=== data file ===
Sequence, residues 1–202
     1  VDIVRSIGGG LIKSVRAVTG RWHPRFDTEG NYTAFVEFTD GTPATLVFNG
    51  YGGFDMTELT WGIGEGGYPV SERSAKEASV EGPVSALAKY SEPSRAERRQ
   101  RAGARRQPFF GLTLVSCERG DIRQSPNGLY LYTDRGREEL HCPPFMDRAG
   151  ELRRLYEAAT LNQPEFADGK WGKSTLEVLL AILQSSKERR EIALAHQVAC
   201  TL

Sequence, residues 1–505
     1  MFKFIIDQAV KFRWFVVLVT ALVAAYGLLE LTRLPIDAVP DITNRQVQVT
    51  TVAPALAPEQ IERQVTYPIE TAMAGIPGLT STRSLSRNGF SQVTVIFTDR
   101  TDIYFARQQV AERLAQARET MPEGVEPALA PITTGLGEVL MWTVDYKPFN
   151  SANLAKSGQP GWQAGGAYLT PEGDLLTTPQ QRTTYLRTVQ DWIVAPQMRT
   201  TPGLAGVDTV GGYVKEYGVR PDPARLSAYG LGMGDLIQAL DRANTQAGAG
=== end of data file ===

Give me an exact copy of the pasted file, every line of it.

Sequence, residues 1–202
     1  VDIVRSIGGG LIKSVRAVTG RWHPRFDTEG NYTAFVEFTD GTPATLVFNG
    51  YGGFDMTELT WGIGEGGYPV SERSAKEASV EGPVSALAKY SEPSRAERRQ
   101  RAGARRQPFF GLTLVSCERG DIRQSPNGLY LYTDRGREEL HCPPFMDRAG
   151  ELRRLYEAAT LNQPEFADGK WGKSTLEVLL AILQSSKERR EIALAHQVAC
   201  TL

Sequence, residues 1–505
     1  MFKFIIDQAV KFRWFVVLVT ALVAAYGLLE LTRLPIDAVP DITNRQVQVT
    51  TVAPALAPEQ IERQVTYPIE TAMAGIPGLT STRSLSRNGF SQVTVIFTDR
   101  TDIYFARQQV AERLAQARET MPEGVEPALA PITTGLGEVL MWTVDYKPFN
   151  SANLAKSGQP GWQAGGAYLT PEGDLLTTPQ QRTTYLRTVQ DWIVAPQMRT
   201  TPGLAGVDTV GGYVKEYGVR PDPARLSAYG LGMGDLIQAL DRANTQAGAG